Now is the time to follow-up on those good intentions of yours to make sure your swine flu/pandemic illness policy is all that is should be. Things are calming down a bit (although US numbers are rising, cases are mild) and as we might have a bit of calm before the next storm, it is the ideal time to give yourself a policy and training check-up while the topic is fresh.
- Do you have a policy for dealing with a community illness that is more than your typical flu season?
- Does your policy include detailed information that most anyone in your organization could follow if you were not able to give directions?
- Do you know what the local hospitals’ plans and policies are?
- Have you clarified roles for each of your clinical and administrative staff and provided them with detailed information on their responsibilities during a community illness?
- Do you understand what your practice is required to do to report information to local, state and national authorities?
- Have you located resources for or designed patient education materials appropriate for your population?
- Have you integrated community illness information into your new employee orientation and your annual staff training materials?
If you answered “no” or “maybe” to any of the questions above, here are some resource links to help you (more…)
A term referring to a service that:
- collects mail delivered to a special practice Post Office Box (typically only payments)
- opens the mail and discards the envelopes
- separates the checks from the accompanying paperwork
- scans or copies the checks and the accompanying paperwork
- itemizes the checks on an electronic or manual deposit slip
- deposits the checks in the practice’s bank account or makes scanned copies available to the bank
- returns the original checks/paperwork to the practice, or holds it in-house for a period before shredding
- makes the electronic or paper copies accessible to the practice for posting to the practice management system
Pricing for this service varies based on number of pieces processed and number of functions applied to the mail. Advantages of using a lockbox include faster deposit of daily monies and elimination of staff involvement in check-handling and making deposits.
TED stands for Technology, Entertainment and Design. TED started in 1984 as an annual conference held in Long Beach, California with the goal of bringing together people from the three fields to give 18-minute talks about innovation and possibilities. The TED Talks site has more than 400 talks by people from an expanded array of fields and the videos of their talks are available to be shared and reposted without cost.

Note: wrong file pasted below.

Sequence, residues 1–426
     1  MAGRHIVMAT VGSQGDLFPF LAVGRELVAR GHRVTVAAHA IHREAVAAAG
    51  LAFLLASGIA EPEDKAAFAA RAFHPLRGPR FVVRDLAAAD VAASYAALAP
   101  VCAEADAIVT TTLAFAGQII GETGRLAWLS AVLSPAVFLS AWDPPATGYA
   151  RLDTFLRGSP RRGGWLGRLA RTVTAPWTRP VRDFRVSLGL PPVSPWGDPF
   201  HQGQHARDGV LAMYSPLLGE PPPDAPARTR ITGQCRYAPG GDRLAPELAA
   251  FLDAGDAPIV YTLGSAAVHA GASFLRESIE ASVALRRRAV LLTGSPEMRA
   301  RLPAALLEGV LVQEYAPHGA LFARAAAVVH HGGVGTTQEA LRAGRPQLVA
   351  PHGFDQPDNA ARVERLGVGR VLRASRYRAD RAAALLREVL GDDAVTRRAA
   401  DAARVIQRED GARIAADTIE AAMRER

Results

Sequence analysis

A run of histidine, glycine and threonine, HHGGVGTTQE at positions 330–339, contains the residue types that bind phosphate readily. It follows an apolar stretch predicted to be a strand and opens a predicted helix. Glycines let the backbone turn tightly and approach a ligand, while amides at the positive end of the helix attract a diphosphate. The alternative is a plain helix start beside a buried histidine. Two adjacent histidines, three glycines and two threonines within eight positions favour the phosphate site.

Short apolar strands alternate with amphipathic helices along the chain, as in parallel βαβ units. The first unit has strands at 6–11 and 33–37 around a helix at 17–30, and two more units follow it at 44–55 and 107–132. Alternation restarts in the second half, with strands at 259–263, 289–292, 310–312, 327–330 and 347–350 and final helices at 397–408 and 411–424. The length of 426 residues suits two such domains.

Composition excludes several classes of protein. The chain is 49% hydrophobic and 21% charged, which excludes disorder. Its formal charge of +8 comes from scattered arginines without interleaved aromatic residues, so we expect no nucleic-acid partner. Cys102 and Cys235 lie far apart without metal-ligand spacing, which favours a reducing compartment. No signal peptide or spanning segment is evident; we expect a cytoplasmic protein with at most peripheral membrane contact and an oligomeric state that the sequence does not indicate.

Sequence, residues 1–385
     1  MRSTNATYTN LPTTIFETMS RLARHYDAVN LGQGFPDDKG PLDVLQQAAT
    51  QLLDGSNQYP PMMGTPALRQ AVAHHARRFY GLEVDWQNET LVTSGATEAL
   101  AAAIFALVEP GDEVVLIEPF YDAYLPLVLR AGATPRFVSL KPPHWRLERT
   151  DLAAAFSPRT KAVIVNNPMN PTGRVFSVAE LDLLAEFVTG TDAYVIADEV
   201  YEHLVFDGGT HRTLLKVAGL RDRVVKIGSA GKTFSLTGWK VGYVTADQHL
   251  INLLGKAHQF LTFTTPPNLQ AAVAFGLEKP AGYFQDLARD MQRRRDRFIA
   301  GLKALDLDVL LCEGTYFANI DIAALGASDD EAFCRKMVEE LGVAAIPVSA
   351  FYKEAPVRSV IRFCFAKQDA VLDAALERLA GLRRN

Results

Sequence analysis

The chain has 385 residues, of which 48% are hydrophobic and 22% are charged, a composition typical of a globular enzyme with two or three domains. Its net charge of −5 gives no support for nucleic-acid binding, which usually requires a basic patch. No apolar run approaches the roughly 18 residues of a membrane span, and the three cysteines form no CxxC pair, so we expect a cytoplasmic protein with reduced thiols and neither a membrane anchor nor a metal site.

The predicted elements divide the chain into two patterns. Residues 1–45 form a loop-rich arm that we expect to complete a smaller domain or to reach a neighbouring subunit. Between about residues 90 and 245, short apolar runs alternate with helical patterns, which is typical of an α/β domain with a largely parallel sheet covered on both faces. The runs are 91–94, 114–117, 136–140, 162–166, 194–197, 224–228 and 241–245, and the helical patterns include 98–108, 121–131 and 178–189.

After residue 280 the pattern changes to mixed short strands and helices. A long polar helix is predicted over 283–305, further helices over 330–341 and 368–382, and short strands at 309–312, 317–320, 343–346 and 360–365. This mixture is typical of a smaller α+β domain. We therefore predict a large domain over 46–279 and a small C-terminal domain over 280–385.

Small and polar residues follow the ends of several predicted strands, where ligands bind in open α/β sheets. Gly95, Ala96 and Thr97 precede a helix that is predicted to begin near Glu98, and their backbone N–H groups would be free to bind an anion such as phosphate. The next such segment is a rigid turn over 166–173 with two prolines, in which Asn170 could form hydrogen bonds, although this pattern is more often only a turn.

From the TED Talks site:
Our mission: spreading ideas. We believe passionately in the power of ideas to change attitudes, lives and ultimately, the world. So we’re building here a clearinghouse that offers free knowledge and inspiration from the world’s most inspired thinkers, and also a community of curious souls to engage with ideas and each other. This site, launched April 2007, is an ever-evolving work in progress, and you’re an important part of it
TED has also spawned the TED Prize which is “designed to leverage the TED Community’s exceptional array of talent and resources. It is awarded annually to three exceptional individuals who each receive $100,000 and, much more important, the granting of “One Wish to Change the World.” After several months of preparation, they unveil their wish at an award ceremony held during the TED Conference. These wishes have led to collaborative initiatives with far-reaching impact.”
Most of us have heard that interviewers make up their minds about applicants in the first minutes, or even seconds of an interview. But what about once the applicant has been hired, or even once an employee has been with us for several years? Do we base our beliefs on an employee’s ability to take on a new challenge or improve their performance on something real, or things we believe to be real?
New research shows that managers with a fixed view of people’s attributes tend to “ignore improvements or deterioration in the performance of their staff, and are also less likely to ensure they receive the training they need.” The research findings, reported on the British Psychological Society Research Digest Blog, are as follows:
One study, for example, gave managers negative background information about a fictional employee before they were shown that same person performing well at a negotiation task. Managers with a fixed view of personal attributes (they tended to agree with statements like “As much as I hate to admit it, you can’t teach an old dog new tricks. People can’t change their deepest attributes”) subsequently rated the employee less positively than managers with a belief that people can change.
Another study found that managers who think people’s attributes are fixed gave their staff less coaching, presumably because they think such interventions will be ineffective.
The good news is that once managers become aware of these findings, they can change their minds about employees being able to change and improve! Read the article here.
Voice recognition (VR), sometimes called speech recognition (SR), is a technology that translates the spoken word into the written/electronic word. In healthcare it is most commonly used for physician notes in the medical record. The physician dictates the information and either edits the information himself/herself, or a staff member edits the information. The physiican note can be printed for inclusion in the paper chart, or can be imported into the electronic chart. Some electronic medical record (EMR) software products have speech recognition built-in, and some have the ability to integrate with speech recognition software.
A short film demonstrating the “surprising limits of perception, attention, and awareness.” Viewers are instructed to count bounces or baskets made by one team, and in doing so, completely miss that a person in a gorilla suit walks among the players! Viewers are astounded when viewing the video a second time and seeing the gorilla. The video is part of a 2003 DVD Surprising Studies of Visual Awareness, Volume 1 produced by Viscog Productions, Inc.